Why a Piping Kettle Blog?
Anyone who knows me would question my decision to write a blog about food and recipes.
I am not a fan of cooking. I can cook and when everything goes perfectly, I cook very well. However, rarely does everything go perfectly. In fact, I mess up so often that even when I make a Duncan Hines cake from a mix, I buy TWO packages, because I will almost definitely mess up the first try.
I am the type of cook who needs to read and re-read a recipe three times to get it right. I need to have every measuring cup, bowl, spoon, knife, and spatula exactly where they should be in the kitchen when I begin. I need to be able to find every ingredient at the store. If any of this fails to come together, then there is no hope for my cooking to turn out right. Like I said, it all needs to go perfectly.
Even when I read the recipe many times, I have been known to mess up.
In home economics class in grade 8 I was given the task of adding a cup of bouillon to a sauce. When the teacher came over to our group to look at our sauce, she asked why it was so lumpy. Feeling proud of myself for following the instructions to a T, I told her that was the bouillon. I had peeled the foil off a cup of OXO cubes and tossed them in! The recipe did not say to dissolve one cube in a cup of hot water. There were additional instructions on the box!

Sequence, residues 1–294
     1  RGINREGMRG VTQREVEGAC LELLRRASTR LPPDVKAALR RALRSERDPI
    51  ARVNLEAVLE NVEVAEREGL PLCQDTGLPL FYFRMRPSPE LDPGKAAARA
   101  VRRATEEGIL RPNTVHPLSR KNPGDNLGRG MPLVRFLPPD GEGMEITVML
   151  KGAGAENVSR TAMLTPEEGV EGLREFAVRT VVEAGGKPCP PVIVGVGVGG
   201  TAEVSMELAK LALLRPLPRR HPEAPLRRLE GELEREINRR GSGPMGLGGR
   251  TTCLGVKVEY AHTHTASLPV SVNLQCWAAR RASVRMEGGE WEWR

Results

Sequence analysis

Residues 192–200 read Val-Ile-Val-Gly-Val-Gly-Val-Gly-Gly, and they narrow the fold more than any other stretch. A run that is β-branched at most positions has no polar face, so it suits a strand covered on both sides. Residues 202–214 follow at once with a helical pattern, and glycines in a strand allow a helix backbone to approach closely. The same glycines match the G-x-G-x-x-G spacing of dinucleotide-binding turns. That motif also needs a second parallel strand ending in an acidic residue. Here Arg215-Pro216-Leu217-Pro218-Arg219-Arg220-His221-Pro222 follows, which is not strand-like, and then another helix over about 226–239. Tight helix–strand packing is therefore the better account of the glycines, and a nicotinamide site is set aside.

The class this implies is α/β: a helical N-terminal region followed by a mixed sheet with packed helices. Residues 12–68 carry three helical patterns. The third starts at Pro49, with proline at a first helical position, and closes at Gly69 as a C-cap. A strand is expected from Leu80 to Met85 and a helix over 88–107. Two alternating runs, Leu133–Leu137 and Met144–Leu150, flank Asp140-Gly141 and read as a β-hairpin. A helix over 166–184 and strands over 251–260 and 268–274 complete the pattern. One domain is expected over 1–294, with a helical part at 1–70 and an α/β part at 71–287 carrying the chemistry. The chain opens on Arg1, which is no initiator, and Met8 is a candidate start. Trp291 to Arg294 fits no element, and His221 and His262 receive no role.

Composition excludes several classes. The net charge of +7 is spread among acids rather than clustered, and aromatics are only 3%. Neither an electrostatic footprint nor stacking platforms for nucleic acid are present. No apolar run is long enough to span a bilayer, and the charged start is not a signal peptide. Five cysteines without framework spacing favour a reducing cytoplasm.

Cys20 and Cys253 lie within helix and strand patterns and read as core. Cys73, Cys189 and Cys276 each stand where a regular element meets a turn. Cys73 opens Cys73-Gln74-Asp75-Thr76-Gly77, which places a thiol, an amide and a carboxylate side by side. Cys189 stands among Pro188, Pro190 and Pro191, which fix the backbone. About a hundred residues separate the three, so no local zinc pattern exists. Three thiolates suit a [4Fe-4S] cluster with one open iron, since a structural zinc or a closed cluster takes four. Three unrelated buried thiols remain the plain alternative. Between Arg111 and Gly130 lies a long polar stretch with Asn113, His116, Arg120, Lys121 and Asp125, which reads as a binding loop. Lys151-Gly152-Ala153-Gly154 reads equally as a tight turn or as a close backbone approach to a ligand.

A month or so later, in that same class, when our group was cleaning up a dozen eggs off the floor, the teacher said, “I don’t even need to ask who did this!” In such a short time I’d already proven that the kitchen was not where I belong.
I could give more examples, but you get the idea.
For these reasons, you will never find me working in the kitchen of The Piping Kettle…except maybe washing dishes.
Luckily, I married a chef. Jim is the creative genius in the kitchen.
My role at The Piping Kettle is as more of a food critic, and this, I do very well!
If you’ve ever watched Hell’s Kitchen, you’ll understand that criticizing a chef is not always well received (and when the chef is your husband it’s even less well received).
Over the years, however, I have learned that, rather than criticizing the taste of the dish, I can instead get the recipe changed by asking if there are ways to make it healthier without losing flavour. Then Jim revises the recipes. Sometimes he might substitute a lower fat cream, sometimes it means less salt, other times more veggies.
Then, to test it, we serve it to our kids.
We know it’s a success when the kids don’t ask who made it. If anyone ever says, “This tastes like Mom’s cooking,” the recipe is scrapped, and it’s back to the drawing board. We could never serve my cooking to customers and stay in business.
So, although this blog is about food and recipes, it is less about how to cook the perfect meal, and more about how to make eating healthier for our bodies and for the planet without sacrificing flavour. Making food healthier, without it tasting “too healthy.”